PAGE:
This article will be written without educational jargon, so parents can read it and understand why many educators are upset with Core Standards. The goal of this article is to show parents why they too should be upset about Core Standards. I based this article on my twenty-five years as an English educator, dialogue with fellow teachers, attendance at national (National Council of Teachers of English) and local (Association of Independent Schools of Florida)) conferences, and my common sense.
According to www.theguardian.com, the idea of standards came from the Bill Gates Foundation. And to date, the foundation has poured 170 million dollars into the standards program. While the Bill Gates Foundation had done wonders for education, I am not sure that a foundation married to a large corporation should dictate a country’s education system. More about the Common Core Standards–
What are Common Core Standards?
- Set goals that every child should accomplish (broken down by grades and subjects)
- Adopted in forty-five states, DC, and four US territories
What States are Holding Out?
What is a Core Subject?
- Language Arts
- Social Studies
My Four Biggest Complaints With Adopting Common Core Standards
- 1. The Great Unknown
No one knows who adopted these standards. It is attributed to a group of unknown, unidentified educator advocates, politicians, and higher-ups in Washington, DC. This is scary. Not one name is attributed to the Common Core Standards-the words groups, committees, advisor, and teams are tossed around a lot. When I get my hair cut-I know who cuts it, when my car is repaired-I know who repairs it, when I have surgery-I know who opens me up. But, not one name has been revealed as an author for these proposals at www.corestandards.org. If you do not feel good enough about a product to claim you helped produce it, there is a problem.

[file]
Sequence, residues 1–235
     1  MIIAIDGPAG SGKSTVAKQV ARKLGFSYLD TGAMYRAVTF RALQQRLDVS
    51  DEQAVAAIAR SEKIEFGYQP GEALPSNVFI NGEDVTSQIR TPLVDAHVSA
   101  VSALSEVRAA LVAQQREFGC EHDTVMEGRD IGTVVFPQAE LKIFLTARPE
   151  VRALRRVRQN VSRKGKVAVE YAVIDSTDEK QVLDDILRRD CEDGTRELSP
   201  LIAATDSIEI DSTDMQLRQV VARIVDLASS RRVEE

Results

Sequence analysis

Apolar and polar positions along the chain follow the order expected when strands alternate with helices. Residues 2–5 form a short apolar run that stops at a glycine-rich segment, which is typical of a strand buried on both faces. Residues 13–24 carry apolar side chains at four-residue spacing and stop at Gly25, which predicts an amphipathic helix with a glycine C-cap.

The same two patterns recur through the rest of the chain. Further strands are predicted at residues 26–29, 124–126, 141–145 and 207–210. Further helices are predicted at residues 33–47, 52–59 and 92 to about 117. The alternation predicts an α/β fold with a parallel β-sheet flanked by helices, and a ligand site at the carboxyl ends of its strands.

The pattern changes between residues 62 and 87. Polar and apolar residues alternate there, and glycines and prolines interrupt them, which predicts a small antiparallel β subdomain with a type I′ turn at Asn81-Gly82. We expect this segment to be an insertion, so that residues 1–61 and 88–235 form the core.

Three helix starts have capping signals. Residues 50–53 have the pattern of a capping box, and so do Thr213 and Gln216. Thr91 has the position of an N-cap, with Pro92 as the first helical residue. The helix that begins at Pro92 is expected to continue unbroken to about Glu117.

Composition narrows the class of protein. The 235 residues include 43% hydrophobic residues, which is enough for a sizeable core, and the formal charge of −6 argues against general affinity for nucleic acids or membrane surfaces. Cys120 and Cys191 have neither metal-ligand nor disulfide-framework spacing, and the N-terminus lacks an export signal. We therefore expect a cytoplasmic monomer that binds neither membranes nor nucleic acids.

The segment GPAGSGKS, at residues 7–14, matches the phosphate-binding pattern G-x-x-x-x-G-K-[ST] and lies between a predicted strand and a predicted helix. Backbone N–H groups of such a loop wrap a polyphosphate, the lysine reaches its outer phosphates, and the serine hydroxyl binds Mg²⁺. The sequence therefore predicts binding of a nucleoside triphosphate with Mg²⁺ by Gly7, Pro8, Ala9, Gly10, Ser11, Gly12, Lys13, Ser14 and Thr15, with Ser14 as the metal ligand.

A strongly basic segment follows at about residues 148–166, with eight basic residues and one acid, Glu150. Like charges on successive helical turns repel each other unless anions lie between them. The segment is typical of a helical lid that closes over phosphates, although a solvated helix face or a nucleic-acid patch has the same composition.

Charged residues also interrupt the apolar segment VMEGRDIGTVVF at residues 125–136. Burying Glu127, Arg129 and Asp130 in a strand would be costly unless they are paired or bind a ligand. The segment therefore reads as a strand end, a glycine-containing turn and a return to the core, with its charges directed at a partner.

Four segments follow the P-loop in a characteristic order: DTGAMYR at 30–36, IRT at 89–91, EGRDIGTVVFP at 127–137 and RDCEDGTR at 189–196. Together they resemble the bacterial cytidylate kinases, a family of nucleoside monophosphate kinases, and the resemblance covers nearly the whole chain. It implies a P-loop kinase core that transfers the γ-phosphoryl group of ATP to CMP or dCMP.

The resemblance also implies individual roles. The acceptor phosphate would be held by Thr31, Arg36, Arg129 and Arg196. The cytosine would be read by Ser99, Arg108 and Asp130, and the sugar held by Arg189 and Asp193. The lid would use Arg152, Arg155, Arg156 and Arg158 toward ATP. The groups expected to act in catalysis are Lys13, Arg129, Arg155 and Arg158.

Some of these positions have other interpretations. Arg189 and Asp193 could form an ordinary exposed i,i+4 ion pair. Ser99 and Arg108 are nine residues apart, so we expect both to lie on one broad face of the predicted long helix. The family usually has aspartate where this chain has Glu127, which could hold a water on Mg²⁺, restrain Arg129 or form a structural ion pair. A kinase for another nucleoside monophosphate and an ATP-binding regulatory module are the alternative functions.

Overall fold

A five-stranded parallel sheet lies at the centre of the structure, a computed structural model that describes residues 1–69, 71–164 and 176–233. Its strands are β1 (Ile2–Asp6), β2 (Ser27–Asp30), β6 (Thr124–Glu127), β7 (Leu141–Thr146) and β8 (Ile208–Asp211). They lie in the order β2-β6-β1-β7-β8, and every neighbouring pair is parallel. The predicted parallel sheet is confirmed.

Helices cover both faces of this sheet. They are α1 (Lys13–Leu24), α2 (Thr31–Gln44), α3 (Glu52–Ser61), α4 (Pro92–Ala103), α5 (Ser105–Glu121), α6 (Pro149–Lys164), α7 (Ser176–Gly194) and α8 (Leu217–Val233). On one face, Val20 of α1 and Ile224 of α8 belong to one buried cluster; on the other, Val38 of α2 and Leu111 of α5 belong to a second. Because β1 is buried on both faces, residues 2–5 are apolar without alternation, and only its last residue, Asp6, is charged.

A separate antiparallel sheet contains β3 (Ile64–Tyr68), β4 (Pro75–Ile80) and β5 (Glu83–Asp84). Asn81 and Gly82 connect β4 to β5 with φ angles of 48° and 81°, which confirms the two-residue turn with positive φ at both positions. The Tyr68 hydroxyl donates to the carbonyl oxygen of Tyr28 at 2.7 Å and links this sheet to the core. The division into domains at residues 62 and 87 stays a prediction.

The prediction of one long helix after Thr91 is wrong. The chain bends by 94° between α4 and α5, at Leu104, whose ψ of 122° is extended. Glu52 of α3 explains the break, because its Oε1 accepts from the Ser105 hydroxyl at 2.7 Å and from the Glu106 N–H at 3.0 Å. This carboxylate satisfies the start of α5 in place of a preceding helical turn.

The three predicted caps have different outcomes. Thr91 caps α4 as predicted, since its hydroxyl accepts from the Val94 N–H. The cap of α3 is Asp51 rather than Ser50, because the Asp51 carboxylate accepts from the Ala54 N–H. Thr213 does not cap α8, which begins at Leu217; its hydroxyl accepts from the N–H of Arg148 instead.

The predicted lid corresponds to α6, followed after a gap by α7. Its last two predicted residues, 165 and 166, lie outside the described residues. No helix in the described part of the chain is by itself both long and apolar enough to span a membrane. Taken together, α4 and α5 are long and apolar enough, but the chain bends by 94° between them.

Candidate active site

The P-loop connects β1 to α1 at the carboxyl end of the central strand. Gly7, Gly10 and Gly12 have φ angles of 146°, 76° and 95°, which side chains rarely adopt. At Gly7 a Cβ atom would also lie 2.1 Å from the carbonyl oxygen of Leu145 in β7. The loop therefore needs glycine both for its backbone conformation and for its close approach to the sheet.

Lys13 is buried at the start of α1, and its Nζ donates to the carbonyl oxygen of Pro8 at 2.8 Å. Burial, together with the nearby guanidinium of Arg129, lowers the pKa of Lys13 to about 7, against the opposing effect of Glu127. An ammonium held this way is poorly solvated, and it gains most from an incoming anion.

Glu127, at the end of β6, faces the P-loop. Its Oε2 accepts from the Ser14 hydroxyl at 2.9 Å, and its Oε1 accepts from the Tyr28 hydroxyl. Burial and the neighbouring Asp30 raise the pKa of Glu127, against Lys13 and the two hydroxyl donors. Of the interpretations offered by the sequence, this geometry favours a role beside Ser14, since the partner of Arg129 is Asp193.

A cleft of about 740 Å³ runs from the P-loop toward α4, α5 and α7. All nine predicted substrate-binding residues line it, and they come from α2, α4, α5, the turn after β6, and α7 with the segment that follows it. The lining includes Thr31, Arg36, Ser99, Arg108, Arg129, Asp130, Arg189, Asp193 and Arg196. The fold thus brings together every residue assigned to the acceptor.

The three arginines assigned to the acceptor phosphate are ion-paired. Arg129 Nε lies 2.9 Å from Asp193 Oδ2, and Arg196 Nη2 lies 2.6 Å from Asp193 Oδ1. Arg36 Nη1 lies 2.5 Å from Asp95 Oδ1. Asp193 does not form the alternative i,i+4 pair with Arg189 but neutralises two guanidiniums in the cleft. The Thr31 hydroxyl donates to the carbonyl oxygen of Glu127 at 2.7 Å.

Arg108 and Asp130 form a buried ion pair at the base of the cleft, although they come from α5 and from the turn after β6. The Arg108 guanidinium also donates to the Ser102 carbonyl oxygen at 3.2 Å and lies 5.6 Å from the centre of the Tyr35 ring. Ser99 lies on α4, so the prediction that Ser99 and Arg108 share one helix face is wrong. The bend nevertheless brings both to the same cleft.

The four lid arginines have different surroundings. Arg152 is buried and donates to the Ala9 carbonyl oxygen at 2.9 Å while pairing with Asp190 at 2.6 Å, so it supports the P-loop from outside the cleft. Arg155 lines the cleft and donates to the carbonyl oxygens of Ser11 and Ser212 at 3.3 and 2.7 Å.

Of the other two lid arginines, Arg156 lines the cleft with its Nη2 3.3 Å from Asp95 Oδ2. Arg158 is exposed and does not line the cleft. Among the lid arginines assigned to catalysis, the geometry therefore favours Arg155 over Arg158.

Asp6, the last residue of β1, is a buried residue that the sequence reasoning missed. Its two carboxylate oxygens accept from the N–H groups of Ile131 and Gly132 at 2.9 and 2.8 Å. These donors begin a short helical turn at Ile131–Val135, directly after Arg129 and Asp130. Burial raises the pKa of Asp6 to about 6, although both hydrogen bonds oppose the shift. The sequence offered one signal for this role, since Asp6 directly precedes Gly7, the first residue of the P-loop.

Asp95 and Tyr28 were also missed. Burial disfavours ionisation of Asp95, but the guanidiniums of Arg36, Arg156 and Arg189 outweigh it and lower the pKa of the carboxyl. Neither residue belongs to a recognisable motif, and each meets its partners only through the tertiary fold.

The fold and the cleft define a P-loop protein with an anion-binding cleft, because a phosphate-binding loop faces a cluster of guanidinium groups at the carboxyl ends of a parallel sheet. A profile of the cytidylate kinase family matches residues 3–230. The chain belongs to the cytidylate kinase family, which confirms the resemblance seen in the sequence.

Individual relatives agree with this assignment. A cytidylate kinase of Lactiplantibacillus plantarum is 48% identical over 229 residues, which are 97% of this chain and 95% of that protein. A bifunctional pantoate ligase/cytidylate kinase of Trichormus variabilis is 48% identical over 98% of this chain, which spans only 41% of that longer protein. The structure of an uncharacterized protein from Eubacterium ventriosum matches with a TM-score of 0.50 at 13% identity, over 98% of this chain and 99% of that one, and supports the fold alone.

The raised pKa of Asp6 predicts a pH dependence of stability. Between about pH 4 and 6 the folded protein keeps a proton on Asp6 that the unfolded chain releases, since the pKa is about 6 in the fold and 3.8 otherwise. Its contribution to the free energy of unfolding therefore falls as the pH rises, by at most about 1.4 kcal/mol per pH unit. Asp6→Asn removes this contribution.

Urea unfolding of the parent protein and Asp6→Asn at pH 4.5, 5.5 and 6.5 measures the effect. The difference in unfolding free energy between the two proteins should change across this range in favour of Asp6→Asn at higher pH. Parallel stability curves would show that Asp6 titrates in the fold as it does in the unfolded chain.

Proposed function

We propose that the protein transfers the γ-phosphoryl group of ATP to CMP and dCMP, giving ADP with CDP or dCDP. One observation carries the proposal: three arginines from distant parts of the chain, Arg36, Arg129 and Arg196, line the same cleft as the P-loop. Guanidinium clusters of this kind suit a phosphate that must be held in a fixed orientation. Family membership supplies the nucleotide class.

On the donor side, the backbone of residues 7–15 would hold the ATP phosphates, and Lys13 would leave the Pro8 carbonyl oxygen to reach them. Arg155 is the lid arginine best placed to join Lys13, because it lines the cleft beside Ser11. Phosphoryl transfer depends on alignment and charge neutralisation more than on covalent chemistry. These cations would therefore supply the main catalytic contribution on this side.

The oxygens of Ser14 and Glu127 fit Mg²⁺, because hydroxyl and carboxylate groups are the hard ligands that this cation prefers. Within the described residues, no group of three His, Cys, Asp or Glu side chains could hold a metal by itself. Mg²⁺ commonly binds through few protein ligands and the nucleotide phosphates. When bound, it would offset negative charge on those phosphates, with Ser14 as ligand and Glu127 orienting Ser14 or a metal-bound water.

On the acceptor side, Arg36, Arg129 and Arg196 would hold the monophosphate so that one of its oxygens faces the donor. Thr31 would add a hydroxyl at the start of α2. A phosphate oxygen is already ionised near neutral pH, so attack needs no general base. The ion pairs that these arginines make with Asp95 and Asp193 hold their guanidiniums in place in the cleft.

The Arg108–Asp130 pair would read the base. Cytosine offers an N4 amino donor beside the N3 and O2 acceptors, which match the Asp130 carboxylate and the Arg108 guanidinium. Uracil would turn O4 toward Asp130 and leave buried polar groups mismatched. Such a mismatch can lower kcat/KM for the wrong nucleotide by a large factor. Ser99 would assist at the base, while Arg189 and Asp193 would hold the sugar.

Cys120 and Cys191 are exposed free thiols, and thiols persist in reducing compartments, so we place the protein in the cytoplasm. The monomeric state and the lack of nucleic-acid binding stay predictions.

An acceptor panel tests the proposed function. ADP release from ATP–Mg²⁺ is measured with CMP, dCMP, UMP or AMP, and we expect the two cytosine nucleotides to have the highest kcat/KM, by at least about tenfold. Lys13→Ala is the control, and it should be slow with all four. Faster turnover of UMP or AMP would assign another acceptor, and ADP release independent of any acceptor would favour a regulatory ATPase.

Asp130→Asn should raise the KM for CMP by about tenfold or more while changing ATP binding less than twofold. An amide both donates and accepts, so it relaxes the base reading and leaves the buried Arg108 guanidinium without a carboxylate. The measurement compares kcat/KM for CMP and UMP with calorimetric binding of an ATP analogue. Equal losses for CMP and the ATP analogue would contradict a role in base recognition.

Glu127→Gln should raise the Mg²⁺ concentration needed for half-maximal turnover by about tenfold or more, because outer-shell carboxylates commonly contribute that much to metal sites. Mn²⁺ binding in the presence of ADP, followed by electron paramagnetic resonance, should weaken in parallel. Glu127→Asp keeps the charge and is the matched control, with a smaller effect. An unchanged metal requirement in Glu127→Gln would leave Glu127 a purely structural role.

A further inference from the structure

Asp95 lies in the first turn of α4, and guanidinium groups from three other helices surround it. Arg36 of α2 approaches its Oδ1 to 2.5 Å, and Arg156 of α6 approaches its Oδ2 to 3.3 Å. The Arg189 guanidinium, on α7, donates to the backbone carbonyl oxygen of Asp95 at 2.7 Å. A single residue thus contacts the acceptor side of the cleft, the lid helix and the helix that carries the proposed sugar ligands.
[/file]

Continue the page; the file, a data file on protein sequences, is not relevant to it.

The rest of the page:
- 2. Lack of Creativity
Children have different learning styles. And teachers have different teaching styles. When I have a difficult concept to teach, I have to dig deep in my bag of tricks. Sometimes I need to cover a foundation concept before I can present my intended new concept. Common Core Standards tell me when and how to present my lessons. They kill my creative opportunities. I do not tell my doctor how to operate; I assume his education and his experience will guide his process. If he has to get creative to save my life, he should do so.
- 3. Standards Should Be Relative
I wish all children had the same playing field, but they do not. To pretend that all kids are equal is burrowing one’s head in the ground. It sounds prejudice, but it is a fact, all children are not equal. Economic and geographic conditions do impact a child’s learning and do guide a teacher. I am not saying a child of poverty cannot succeed. It is my hope that a poor child encounters the most creative and hard working teachers in existence. I want the poverty of his family to stop with him. But to say that an inner city teacher uses the same principles as a teacher educating in the middle of Kansas is inaccurate. Have we become so politically correct that our children suffer? Aren’t we supposed to be educating the students in our classroom to the best of our ability based on their needs?
- 4. It is an Educational Trend
All professions have trends. But the field of education has to tread carefully because the guinea pigs are our students. Teachers need to be at the ground level of every single proposed or even considered new concept. For example, open classrooms=bad, very bad. Tests to accompany these standards are being developed as I write this. The mere thought of this is frightening.
I am worried about the US education system. Our comprehension scores are lower than other countries, our graduation levels are alarming, and don’t even get me started on drop out rates. For every one of these problems, there are teachers in forty-five states, Washington DC, and four territories trying to teach children. Their hands are now tied by Common Core Standards.